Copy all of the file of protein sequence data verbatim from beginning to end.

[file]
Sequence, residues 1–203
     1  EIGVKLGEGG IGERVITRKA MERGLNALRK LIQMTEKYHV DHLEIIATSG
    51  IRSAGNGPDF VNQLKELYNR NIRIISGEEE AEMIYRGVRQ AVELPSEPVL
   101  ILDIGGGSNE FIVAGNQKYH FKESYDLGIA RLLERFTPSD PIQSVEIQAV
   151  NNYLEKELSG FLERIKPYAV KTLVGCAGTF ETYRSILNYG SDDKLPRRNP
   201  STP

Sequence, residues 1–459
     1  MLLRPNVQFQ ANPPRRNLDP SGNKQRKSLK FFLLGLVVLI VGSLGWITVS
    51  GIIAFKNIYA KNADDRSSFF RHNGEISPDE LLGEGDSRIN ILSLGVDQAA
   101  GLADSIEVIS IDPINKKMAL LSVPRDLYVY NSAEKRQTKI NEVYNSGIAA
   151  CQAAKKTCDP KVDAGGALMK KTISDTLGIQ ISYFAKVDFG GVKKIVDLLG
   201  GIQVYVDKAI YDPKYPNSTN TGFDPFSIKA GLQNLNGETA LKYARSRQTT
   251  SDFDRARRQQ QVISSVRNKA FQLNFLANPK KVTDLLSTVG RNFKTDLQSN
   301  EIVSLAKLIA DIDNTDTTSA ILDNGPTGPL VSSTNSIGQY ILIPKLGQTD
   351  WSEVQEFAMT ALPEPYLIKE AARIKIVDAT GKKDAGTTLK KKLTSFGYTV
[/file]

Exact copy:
Sequence, residues 1–203
     1  EIGVKLGEGG IGERVITRKA MERGLNALRK LIQMTEKYHV DHLEIIATSG
    51  IRSAGNGPDF VNQLKELYNR NIRIISGEEE AEMIYRGVRQ AVELPSEPVL
   101  ILDIGGGSNE FIVAGNQKYH FKESYDLGIA RLLERFTPSD PIQSVEIQAV
   151  NNYLEKELSG FLERIKPYAV KTLVGCAGTF ETYRSILNYG SDDKLPRRNP
   201  STP

Sequence, residues 1–459
     1  MLLRPNVQFQ ANPPRRNLDP SGNKQRKSLK FFLLGLVVLI VGSLGWITVS
    51  GIIAFKNIYA KNADDRSSFF RHNGEISPDE LLGEGDSRIN ILSLGVDQAA
   101  GLADSIEVIS IDPINKKMAL LSVPRDLYVY NSAEKRQTKI NEVYNSGIAA
   151  CQAAKKTCDP KVDAGGALMK KTISDTLGIQ ISYFAKVDFG GVKKIVDLLG
   201  GIQVYVDKAI YDPKYPNSTN TGFDPFSIKA GLQNLNGETA LKYARSRQTT
   251  SDFDRARRQQ QVISSVRNKA FQLNFLANPK KVTDLLSTVG RNFKTDLQSN
   301  EIVSLAKLIA DIDNTDTTSA ILDNGPTGPL VSSTNSIGQY ILIPKLGQTD
   351  WSEVQEFAMT ALPEPYLIKE AARIKIVDAT GKKDAGTTLK KKLTSFGYTV